Simple swaps to reduce saturated fat

Wednesday, 28 September 2016

Ever wondered which is better: butter or margarine? Dark chocolate or milk chocolate? Full-cream or low-fat dairy? We’ve sized up the saturated fat content to reveal which are the healthiest.

Swapping foods high in saturated fat for healthier options is a simple way to reduce your heart disease risk and improve your diabetes management.

You may know that saturated fat in food is the type that raises LDL- cholesterol levels in your blood. This ‘bad’ cholesterol deposits in your arteries, and over time, can lead to a blockage and raise your risk of heart disease.

This is why 24 grams (or less!) is the amount of saturated fat recommended to Aussie adults each day for a healthy heart.

What many people don’t realise, is that saturated fat in your diet makes it harder for insulin to work in your body, affecting your fasting and after-meal blood glucose levels.

Here are some easy ways to get skim your sat fat:

Butter or margarine?

Many prefer butter over margarine because it is considered ‘less processed’ and more ‘natural’. Monounsaturated margarine is much lower in saturated fat and easier to spread than butter, making it a healthier pick to use in small amounts.

Nutritional info per serving (10g)


Energy (kJ) 304kJ
Saturated Fat (g) 5.0


Energy (kJ) 245kJ
Saturated Fat (g) 1.5


Energy (kJ) 171kJ
Saturated Fat (g) 1.0

Verdict: With only one gram of saturated fat and the lowest kilojoules for double the amount, a thick spread of mashed avocado offers an even better natural alternative.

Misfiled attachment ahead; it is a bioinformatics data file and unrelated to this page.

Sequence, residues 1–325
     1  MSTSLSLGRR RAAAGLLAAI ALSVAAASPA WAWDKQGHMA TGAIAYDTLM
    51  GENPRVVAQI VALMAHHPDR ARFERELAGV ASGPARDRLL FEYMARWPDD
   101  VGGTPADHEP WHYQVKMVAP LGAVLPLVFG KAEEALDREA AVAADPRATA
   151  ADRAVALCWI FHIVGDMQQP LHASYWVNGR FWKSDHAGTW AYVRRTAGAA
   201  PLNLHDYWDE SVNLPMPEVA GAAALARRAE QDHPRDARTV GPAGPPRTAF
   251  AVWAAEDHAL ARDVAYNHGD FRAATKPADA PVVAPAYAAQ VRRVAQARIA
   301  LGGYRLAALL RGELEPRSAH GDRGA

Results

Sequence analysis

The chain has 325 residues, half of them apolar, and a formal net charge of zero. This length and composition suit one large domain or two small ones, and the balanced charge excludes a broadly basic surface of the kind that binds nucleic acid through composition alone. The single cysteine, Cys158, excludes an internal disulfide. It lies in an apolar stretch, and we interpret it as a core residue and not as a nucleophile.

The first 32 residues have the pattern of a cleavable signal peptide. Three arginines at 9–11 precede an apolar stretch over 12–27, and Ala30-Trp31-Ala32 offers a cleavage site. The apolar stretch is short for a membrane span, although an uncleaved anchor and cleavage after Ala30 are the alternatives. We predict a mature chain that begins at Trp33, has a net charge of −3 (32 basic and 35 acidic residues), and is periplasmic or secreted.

Dark chocolate or milk chocolate?

Dark chocolate is often sprouted as a healthier choice because of the natural antioxidants in cocoa. The darker the chocolate though, the higher the saturated fat, and row for row comparisons between milk and dark reveal much of a muchness!

Nutritional info per serving (1 row, 25g)

Cadbury Old Gold Original

Energy (kJ) 545kJ
Saturated Fat (g) 4.7
Carb exchanges 1

Cadbury Old Gold 70% Cocoa

Energy (kJ) 570kJ
Saturated Fat (g) 6.5
Carb exchanges 1/2

Cadbury Dairy Milk

Energy (kJ) 560kJ
Saturated Fat (g) 4.7
Carb exchanges 1

Verdict: For heart healthy antioxidants, stick to your daily recommended two serves of fruit and five serves of veg.  Enjoying one row of chocolate every now and then is much healthier than overeating chocolate on most days. Savouring each piece is shown to be more satisfying, so enjoy each square melt in your mouth.

Full-cream or low-fat dairy?

Daily staples like milk, yoghurt and cheese can easily see your daily saturated fat intake creep up, but low-fat has been getting a bad rap in the media for having extra hidden sugars or salt. It is true some low-fat yoghurt, custard, ice cream and cheese contain added sugars or salt to improve their flavour, but what the media don’t point out, is plain milk and natural yoghurt often do not.

Nutritional info per serving (250 ml)

Energy (kJ) 738kJ
Total Fat (g) 8.8
Saturated Fat (g) 6.3
Protein (g) 8.8
Carb exchanges 1
Calcium (mg) 270

250ml low fat milk

Energy (kJ) 538kJ
Total Fat (g) 2.5
Saturated Fat (g) 5.0
Protein (g) 10
Carb exchanges 1
Calcium (mg) 275

250ml skim milk

Energy (kJ) 375kJ
Total Fat (g) 0.3
Saturated Fat (g) 0.3
Protein (g) 9
Carb exchanges 1
Calcium (mg) 300

Verdict: For ice cream, custard and yoghurt, compare brands to find low-fat dairy products with the least added sugar.

Reduced-fat milks and plain yoghurts are a great way to skim your saturated fat intake and kilojoules, without compromising on nutrition. One glass of soy milk has only one gram of saturated fat, and comparable nutrition, making it a heart healthy alternative.

This advice may not suit everyone’s tastes or nutritional needs, so remember to speak with your Accredited Practising Dietitian to work out what is best for you.

To speak with an Accredited Practising Dietitian phone the Infoline: 1300 342 238


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